Art of The State has over recent months been featuring progressively less and less street art. It’s not something I’ve shouted about, I’ve just become disengaged with a scene that is full of advertising and money, legal walls and the same pictures reproduced over and over again. These things are the antithesis of why I liked street art in the first place – I loved the giving of something for nothing, the illegal placement and the unexpectedness of it all. Now these values are the exception rather than the rule. Commissioned and permission granted walls dominate London, street art brands appear next to works, artists have agents and only sell their works through recognised channels. It’s a far cry from the chaotic and sporadic nature of early street art. I guess it’s a natural progression of sorts and its understandable that artists who can make good money would choose to do so. Its just that its got so, well, predictable and safe. We’re living in the age of the mega wall, of art produced and marketed directly at those with large wallets, exclusive previews and arts funded commissions with limits on expression attached. Some of this art can be great art but really, where’s the edge? The truth is you have to look a little harder,put in some leg work, really concentrate on your surroundings to find the little pieces that will reinvigorate your interest once more. Vandalog have been doing this as an experiment over the last month through a policy of only featuring illegal work throughout August. RJ from Vandalog provides a very interesting account of what happened and what he learnt here. I like the idea and I respect him for following through on it despite the fact that he no doubt had lots of emails about legally painted walls dropping into his inbox during this time. Truth be told I nearly missed his post on the subject because in recent months I haven’t always felt the need to open up the daily Vandalog street art email any more just to read about another wall painted with permission. I do still like Vandalog, it’s still relevant and the passion shows through. It’s still so much better than the current Wooster Collective which at the moment seems fixated on bigging up their name as purveyors of street art as if no websites featured this stuff before they arrived on the scene.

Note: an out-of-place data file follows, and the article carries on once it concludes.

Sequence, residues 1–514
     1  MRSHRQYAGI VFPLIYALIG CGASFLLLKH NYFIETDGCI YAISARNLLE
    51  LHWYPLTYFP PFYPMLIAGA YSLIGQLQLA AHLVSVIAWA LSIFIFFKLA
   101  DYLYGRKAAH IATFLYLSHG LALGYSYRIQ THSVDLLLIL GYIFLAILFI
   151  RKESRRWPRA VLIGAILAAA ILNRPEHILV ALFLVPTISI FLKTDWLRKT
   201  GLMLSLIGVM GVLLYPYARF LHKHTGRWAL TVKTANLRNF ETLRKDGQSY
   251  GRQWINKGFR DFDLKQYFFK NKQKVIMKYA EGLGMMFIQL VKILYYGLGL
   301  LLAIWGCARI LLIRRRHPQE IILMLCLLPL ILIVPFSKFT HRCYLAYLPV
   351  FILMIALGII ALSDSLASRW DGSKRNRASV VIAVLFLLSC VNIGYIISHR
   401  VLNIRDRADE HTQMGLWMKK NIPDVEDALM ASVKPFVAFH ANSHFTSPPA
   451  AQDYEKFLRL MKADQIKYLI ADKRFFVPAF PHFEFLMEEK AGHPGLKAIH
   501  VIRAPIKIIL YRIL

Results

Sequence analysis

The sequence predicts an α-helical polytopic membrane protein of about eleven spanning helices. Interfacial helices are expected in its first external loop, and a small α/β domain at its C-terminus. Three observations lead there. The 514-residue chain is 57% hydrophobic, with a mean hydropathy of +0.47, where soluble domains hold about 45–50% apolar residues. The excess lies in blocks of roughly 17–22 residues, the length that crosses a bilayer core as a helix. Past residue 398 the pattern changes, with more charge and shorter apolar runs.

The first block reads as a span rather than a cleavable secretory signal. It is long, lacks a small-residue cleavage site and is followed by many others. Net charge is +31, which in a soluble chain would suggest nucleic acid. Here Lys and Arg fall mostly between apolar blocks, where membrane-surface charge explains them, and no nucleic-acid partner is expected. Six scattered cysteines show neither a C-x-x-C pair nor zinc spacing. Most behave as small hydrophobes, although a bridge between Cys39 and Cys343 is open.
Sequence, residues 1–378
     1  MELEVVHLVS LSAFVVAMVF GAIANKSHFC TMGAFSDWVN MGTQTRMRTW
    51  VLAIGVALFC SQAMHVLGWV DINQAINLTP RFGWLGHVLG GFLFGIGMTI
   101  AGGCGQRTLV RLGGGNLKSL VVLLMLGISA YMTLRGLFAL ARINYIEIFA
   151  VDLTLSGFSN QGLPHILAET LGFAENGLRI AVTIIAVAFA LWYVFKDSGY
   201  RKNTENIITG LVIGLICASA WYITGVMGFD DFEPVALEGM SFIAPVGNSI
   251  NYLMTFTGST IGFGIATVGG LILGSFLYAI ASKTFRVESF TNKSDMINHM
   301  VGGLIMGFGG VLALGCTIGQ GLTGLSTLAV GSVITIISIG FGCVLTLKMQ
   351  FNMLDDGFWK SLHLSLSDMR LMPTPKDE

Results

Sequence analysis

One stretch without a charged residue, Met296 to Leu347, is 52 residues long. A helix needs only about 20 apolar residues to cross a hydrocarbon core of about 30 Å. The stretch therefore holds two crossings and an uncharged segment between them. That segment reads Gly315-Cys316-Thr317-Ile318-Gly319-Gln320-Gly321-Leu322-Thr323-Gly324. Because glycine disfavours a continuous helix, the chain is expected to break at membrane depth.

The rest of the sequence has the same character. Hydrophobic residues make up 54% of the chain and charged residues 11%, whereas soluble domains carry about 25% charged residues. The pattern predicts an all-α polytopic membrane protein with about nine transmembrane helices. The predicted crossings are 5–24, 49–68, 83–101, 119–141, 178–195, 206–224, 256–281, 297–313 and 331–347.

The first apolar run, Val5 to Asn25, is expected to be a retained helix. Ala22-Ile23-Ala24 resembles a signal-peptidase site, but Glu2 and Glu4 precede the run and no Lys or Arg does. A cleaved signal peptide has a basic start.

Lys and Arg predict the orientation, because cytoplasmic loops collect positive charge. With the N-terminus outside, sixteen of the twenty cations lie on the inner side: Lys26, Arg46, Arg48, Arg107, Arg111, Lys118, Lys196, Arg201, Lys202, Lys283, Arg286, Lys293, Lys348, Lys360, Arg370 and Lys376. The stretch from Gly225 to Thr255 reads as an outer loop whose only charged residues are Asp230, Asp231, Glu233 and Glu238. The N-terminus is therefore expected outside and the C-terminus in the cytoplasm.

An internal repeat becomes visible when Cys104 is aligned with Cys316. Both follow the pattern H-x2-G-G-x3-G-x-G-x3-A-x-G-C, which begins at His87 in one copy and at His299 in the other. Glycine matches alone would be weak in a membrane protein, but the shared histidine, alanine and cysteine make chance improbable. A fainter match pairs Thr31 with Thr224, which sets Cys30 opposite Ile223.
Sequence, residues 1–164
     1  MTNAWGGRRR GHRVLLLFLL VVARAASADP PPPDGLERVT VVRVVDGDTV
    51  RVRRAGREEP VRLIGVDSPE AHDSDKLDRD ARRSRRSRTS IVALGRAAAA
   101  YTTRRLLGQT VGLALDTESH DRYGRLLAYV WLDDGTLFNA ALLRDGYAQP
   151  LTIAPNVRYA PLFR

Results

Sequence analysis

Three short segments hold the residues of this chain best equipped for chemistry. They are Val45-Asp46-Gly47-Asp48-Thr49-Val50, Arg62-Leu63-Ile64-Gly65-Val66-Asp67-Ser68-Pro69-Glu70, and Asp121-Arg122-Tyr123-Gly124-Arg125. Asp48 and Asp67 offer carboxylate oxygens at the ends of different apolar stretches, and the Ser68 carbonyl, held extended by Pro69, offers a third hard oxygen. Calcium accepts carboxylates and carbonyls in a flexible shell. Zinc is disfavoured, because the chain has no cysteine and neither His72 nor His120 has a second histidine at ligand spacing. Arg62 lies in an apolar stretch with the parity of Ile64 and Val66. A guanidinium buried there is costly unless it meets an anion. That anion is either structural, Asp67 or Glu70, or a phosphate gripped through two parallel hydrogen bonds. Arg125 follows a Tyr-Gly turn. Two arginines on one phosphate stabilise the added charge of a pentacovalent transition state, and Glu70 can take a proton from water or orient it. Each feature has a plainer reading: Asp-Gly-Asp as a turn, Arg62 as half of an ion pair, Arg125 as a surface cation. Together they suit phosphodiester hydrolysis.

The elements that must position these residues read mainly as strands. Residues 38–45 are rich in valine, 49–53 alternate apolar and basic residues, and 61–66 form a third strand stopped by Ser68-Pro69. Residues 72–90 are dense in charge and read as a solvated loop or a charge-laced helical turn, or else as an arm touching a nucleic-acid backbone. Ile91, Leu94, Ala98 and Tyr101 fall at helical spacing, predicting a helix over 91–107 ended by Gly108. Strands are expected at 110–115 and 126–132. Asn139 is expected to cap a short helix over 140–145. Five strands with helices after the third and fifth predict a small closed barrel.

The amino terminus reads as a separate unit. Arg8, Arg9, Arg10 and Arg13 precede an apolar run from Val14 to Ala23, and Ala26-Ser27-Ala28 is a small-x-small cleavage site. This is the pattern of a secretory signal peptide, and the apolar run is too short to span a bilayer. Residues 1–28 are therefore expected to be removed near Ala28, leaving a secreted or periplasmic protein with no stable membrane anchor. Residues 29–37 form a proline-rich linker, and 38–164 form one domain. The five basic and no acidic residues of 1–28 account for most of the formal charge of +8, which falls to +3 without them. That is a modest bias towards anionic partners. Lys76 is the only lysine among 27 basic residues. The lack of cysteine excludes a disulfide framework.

I just hope the lessons of the last month mean that in future I’m going to find out more about genuinely surprising things that are not just part of some elaborate teaser marketing campaign. You never know it might inspire me to get out and about a bit more often to document what’s going on.